Justin James recently wrote about his quest for a senior developer. One of his requirements is excellent debugging skills, which is a topic that is near-and-dear to me because I’m currently working with somebody who has bad debugging skills. So bad, in fact, that I think it’s ingrained, a genetic trait, because no matter how much time I spend with him he never seems to get any better at debugging.
The weird thing is when he has a clearly defined job, like “fix the bug by changing the way this package executes this loop,” he can get it done without too much drama. In isolation, his technical skills seem to be okay, but it’s finding that bug and identifying the fix where he seems to fall down. He spins his wheels grasping in all the wrong directions and eventually ends up asking one of the other engineers to help out.
I thought anybody could learn how to think about all the pieces of the system and know what might be broken and where to look. If you can program, you can learn how to think beyond just the one page of code to the whole system. But working with this guy has made me think that perhaps there are some people who just aren’t wired for debugging.
He’s not some junior programmer either — he’s been in this industry working as a software engineer at least a decade. Plenty long enough you would think that he would have picked up solid debugging skills.
And it’s not like he doesn’t want to learn. I can tell he’s trying, and I know he wants to get better because he wants to impress the boss to get promoted. At least he spends time looking for the source of the bug whenever one comes up. But, inevitably, I hear him asking me over the cubicle wall if I have time to help him understand why his code isn’t working the way he thinks it should.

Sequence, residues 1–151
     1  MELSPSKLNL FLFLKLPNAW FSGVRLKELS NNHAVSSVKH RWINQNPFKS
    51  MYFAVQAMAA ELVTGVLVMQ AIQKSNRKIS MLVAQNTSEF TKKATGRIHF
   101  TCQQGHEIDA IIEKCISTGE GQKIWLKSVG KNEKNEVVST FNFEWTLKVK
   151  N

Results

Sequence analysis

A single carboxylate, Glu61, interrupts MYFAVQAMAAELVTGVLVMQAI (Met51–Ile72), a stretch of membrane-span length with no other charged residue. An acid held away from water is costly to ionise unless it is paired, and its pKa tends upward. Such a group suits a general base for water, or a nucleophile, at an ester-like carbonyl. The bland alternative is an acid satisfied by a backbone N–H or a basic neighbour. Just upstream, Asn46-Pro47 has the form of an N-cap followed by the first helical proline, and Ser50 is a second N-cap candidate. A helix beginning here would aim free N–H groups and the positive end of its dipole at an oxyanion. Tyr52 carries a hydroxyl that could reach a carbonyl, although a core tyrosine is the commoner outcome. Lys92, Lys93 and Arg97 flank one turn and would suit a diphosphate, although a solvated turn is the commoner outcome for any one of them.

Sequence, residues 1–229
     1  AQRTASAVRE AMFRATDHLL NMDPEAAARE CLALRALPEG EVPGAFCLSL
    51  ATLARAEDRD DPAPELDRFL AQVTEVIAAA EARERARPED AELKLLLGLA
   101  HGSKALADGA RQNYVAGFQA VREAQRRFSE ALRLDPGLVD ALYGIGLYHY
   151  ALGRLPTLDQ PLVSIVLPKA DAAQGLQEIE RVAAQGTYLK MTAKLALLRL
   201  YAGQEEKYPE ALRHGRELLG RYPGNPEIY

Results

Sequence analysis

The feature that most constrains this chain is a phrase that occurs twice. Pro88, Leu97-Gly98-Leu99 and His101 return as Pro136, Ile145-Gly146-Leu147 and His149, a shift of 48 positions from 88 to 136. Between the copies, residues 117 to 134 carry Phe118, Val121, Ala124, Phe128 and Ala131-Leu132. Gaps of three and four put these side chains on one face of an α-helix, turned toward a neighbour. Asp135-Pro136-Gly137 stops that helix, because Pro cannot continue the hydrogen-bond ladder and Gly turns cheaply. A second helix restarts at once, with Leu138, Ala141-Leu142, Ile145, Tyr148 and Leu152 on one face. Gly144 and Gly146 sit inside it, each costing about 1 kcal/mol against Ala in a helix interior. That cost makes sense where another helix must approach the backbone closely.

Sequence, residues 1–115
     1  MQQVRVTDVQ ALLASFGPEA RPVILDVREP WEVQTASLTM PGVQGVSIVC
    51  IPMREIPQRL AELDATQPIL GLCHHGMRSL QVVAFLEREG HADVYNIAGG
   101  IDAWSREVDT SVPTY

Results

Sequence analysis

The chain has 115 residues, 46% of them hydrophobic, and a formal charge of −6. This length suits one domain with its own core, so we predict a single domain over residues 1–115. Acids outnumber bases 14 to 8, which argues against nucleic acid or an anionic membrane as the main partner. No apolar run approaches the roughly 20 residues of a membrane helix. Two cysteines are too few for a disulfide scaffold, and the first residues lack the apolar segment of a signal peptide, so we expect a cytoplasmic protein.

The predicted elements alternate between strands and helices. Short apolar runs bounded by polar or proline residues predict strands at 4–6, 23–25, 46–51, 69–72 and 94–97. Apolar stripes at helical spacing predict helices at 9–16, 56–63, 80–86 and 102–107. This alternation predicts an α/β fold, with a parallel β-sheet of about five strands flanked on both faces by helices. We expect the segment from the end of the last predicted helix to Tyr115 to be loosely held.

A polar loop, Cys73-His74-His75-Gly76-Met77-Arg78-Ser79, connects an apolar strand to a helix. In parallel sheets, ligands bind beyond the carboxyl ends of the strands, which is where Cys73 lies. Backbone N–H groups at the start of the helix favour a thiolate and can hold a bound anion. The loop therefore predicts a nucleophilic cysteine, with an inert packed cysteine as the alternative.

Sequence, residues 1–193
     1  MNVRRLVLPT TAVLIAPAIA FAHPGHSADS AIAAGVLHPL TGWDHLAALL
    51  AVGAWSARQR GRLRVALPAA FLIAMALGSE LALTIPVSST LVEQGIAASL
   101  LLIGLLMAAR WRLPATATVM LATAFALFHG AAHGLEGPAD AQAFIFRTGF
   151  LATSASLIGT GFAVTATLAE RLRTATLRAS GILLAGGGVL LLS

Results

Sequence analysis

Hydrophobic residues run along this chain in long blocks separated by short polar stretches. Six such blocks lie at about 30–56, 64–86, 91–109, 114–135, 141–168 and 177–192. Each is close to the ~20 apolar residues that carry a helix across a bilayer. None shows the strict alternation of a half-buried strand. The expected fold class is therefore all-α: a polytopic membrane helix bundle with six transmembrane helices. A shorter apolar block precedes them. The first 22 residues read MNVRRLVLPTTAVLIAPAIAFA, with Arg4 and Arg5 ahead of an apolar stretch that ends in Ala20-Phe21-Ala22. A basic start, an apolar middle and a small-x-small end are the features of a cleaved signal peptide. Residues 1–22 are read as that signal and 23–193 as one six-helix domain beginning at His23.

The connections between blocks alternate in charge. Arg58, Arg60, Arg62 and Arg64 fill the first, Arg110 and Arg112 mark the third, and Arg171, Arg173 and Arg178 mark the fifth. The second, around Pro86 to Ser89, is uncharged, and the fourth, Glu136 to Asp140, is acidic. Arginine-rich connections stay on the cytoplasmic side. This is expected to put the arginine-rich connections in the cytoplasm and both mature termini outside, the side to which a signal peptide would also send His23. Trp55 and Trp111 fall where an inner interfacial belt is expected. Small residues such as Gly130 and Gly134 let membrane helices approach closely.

Again, there’s nothing wrong with the code he does end up producing. It’s just that he spends an inordinate amount of time whenever some bug comes up because he doesn’t seem to quite grok how all the pieces fit. When an Oracle package fails, is it the PL/SQL, something in the table data, or maybe the table structure itself? A trigger that’s incorrectly updating a sequence? He knows about all those things, but he doesn’t seem to be able to string them together into a plan for tracking down the bug. The little picture, the unit of code, he gets okay. It’s the big picture, how his code interacts with everything else, that he isn’t quite grasping.
I’m not going to give up — I can’t afford to. I need him to get better at this so I don’t spend so much time helping him out. But I am honestly starting to think that maybe some people just aren’t wired to learn this stuff.